Mind the Gap

Pro-tip: When planning to begin a daily writing schedule, avoid taking trips away from home that might make it difficult to write.

Unless you’re blind, you’ve probably noticed that I missed five(!) days worth of posts. I could list a myriad of excuses (travelling, missing one day easily snowballs into two, etc.), but I think it’s best to skip the bullshit and dive into what exactly you missed during my absence.

September 2nd (Saturday): I got a call from my parents and decided to go to Billings for part of my four-day weekend. I’ve been to Billings a few times in the last month or two, but I spent most of my time during those visits with Kelci. I felt a little guilty for not seeing them during my last trips through, and this seemed like a good opportunity to spend a little time with my family. I rode the R3 in on Saturday afternoon, met my family for dinner (including my sister’s family), and then had a beer with my parents. After that, I met my friend, Dan, downtown for a few drinks.

September 3rd (Sunday): Sunday was mostly uneventful until my buddy, Josh, stopped by to visit. He lives out in Forsyth, and we don’t see each other very often due to our differing schedules and responsibilities (in other words, life happens). We went out to Scheels, checked out some hunting backpacks, grabbed a beer at B-Wings (mozzarella sticks and Angry Hank’s Street Fight do not pair well), then had dinner back at my parents’ house. I’ve known Josh since elementary school, and even though we haven’t hung out often in the last few years, it doesn’t take long to get past the awkwardness of time or distance. Long-term friendships, in my experience, tend to overcome those kinds of obstacles with relative ease. Trust that’s forged over a decade is incredibly strong, and somewhat rare these days…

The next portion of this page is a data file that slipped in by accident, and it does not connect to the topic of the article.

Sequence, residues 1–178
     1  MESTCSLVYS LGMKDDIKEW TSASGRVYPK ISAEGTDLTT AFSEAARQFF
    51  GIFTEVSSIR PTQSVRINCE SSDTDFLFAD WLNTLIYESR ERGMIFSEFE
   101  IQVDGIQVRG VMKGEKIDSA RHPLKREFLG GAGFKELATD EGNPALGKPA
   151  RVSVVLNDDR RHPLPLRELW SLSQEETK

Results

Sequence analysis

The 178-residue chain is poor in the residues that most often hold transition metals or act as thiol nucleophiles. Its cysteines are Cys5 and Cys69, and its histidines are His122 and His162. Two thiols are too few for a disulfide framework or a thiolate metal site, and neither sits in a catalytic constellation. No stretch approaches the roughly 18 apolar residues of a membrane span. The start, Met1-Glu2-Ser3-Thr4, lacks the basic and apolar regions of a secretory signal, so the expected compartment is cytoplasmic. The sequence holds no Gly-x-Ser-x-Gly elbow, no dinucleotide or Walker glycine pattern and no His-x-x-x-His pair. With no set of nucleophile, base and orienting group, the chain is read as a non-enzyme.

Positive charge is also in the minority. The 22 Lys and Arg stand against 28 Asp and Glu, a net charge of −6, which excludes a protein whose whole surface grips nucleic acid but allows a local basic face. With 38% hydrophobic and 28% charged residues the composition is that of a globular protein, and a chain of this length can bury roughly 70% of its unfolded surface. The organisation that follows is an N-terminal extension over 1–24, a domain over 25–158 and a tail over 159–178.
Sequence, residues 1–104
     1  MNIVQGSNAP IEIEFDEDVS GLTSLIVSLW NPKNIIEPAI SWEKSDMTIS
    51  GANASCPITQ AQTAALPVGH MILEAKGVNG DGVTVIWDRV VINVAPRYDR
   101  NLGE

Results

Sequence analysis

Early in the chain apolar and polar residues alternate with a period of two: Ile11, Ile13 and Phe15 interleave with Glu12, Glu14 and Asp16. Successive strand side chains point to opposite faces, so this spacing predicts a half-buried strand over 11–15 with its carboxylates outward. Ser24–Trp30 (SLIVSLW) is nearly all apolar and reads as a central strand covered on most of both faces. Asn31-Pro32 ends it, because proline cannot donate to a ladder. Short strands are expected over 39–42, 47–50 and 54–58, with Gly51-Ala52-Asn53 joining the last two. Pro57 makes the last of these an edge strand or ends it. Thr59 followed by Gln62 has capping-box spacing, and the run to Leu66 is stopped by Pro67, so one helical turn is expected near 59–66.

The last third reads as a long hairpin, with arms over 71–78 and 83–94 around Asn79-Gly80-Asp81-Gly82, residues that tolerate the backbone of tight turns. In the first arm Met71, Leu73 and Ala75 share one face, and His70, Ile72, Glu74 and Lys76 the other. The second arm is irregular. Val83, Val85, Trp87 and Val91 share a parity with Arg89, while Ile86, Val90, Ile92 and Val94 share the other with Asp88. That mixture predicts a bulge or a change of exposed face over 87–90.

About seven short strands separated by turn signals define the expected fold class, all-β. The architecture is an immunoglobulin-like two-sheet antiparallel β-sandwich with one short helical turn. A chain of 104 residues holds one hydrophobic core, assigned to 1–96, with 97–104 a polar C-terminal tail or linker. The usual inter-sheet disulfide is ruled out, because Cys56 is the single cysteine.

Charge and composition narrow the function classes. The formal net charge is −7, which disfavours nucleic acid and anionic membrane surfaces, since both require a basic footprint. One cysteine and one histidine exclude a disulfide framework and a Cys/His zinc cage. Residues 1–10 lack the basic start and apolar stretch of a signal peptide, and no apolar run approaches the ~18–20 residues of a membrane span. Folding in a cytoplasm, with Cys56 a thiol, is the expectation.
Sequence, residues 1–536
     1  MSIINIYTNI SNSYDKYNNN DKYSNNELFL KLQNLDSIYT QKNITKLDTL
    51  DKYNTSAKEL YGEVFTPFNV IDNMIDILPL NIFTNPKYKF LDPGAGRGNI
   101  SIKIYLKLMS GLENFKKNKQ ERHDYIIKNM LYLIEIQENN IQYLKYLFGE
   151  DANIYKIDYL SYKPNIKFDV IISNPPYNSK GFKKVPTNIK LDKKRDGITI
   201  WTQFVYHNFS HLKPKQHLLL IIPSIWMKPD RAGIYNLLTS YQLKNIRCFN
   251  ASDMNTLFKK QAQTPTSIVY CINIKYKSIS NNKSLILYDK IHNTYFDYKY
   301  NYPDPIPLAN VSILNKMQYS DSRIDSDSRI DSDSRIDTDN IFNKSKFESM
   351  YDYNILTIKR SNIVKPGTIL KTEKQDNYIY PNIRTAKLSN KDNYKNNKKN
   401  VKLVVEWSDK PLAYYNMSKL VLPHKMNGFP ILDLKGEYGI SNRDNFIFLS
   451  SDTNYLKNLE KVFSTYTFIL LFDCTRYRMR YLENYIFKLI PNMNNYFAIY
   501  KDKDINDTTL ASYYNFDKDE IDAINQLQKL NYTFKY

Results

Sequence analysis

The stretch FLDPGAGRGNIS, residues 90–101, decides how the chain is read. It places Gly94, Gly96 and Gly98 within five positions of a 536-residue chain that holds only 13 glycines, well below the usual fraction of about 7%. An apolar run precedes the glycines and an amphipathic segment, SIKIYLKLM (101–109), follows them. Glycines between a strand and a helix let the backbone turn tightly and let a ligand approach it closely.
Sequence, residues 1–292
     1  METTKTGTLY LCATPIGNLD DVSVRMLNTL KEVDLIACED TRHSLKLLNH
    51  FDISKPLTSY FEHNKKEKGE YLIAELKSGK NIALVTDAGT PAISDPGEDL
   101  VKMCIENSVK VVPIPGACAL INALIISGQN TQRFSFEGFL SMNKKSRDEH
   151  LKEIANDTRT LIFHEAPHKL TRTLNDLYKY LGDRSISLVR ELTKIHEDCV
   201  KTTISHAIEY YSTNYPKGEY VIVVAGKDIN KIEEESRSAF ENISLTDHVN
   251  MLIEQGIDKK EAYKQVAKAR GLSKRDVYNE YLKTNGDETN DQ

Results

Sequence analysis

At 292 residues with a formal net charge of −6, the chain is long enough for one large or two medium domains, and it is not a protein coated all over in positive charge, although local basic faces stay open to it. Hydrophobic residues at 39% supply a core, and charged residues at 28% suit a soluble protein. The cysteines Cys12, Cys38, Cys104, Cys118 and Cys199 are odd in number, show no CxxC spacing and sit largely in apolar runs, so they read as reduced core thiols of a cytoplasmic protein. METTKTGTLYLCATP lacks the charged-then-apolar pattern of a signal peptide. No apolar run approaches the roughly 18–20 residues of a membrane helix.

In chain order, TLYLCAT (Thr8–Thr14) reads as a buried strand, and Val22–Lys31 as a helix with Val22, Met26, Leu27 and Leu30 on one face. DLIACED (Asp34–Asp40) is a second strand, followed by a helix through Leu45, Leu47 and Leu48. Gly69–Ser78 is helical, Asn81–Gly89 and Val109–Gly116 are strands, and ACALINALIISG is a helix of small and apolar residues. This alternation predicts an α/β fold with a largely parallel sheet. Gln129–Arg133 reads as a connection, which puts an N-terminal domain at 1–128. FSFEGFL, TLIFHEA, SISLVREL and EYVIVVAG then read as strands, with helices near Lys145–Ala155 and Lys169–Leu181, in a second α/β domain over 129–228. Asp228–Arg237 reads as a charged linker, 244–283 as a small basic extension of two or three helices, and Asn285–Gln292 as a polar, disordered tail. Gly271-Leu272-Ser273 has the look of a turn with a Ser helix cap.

September 4th-6th: Labor Day was also fairly uneventful. I rode back to Bozeman in the afternoon, then met Kelci and her family for dinner. Dinner was awesome (The Roost makes the best fried chicken in Bozeman), and it was great to see Kelci again. After Labor Day, I went back to the repetitive work grind. As I’ve mentioned before, my job is incredibly repetitive, and that kind of environment is not conducive to creativity (it leeches energy from the soul).

I question the value in writing here daily when the repetitive nature of my days means that I’ll have so little to report. Reading those posts would be like staring down the world’s most boring and depressing hall of mirrors. I don’t wish to bore you to death with that kind of meaningless drivel.

I will post here again before the Summer technically ends. Until then,

-Will

Author’s Note: This post was written in a draft weeks ago, but not published until the 20th. I backdated the post to reflect when it was originally written.

The Last Gasp of Summer

Today is the first day of September. Most Americans think of Labor Day as the last day of Summer, but the season doesn’t officially end until September 22nd (the Fall Equinox). In prior years, I stopped posting to this blog when school began, but I’m not in school this semester. So, in 2017, TFS will settle back into hiatus on the 22nd.

I haven’t posted on this blog nearly as often as I had hoped to at the start. This Summer has been a wild mix of lethargy and excitement; the weekdays filled with the same monotonous work, and the weekends jam-packed with new adventures. The whiplash between drudgery and delight made it difficult to write on here regularly. I lacked the energy and enthusiasm to put words down during the week, and most weekends were too busy for me to find time to write.

To make up for what I see as a bit of a failure to post on here regularly (like I had originally planned), I’m planning to post daily until the 22nd. Some changes at work have made the next three-weeks somewhat less dreadful, and I have an extra full-day off during the week now. I’m considering making a video for every day as well, but for now I’ll just promise a new written post daily.


Since my last post, Kelci and I hiked the Alaska Basin Trail in Wyoming to see the 2017 eclipse. My friend, Zach, told me about a group that was going up to the Basin to watch the eclipse and invited us to tag along. We were within the band of totality, which allowed us to see the full eclipse. Seeing the sun disappear, and watching the sunlight gradually fade was incredible. It was as if someone had pushed a dimmer switch on the daylight in the middle of the day. Seeing the full eclipse was also an awesome experience. Pictures of an eclipse really don’t capture the experience of actually being there. The Basin itself had an otherworldly feel to it; we camped on a rocky plateau that was sprinkled sparsely with odd looking trees.

 

This slideshow requires JavaScript.

It was a really cool experience, and aside from the five-mile line of traffic we were stuck in for nearly two hours (!), it couldn’t have been better. We were well prepared for the trip, and I can’t wait to go backpacking again.

It’s only 9:35 A.M., but I’m going to get started on this first day off of my four-day weekend (!!!). Until tomorrow,

-Will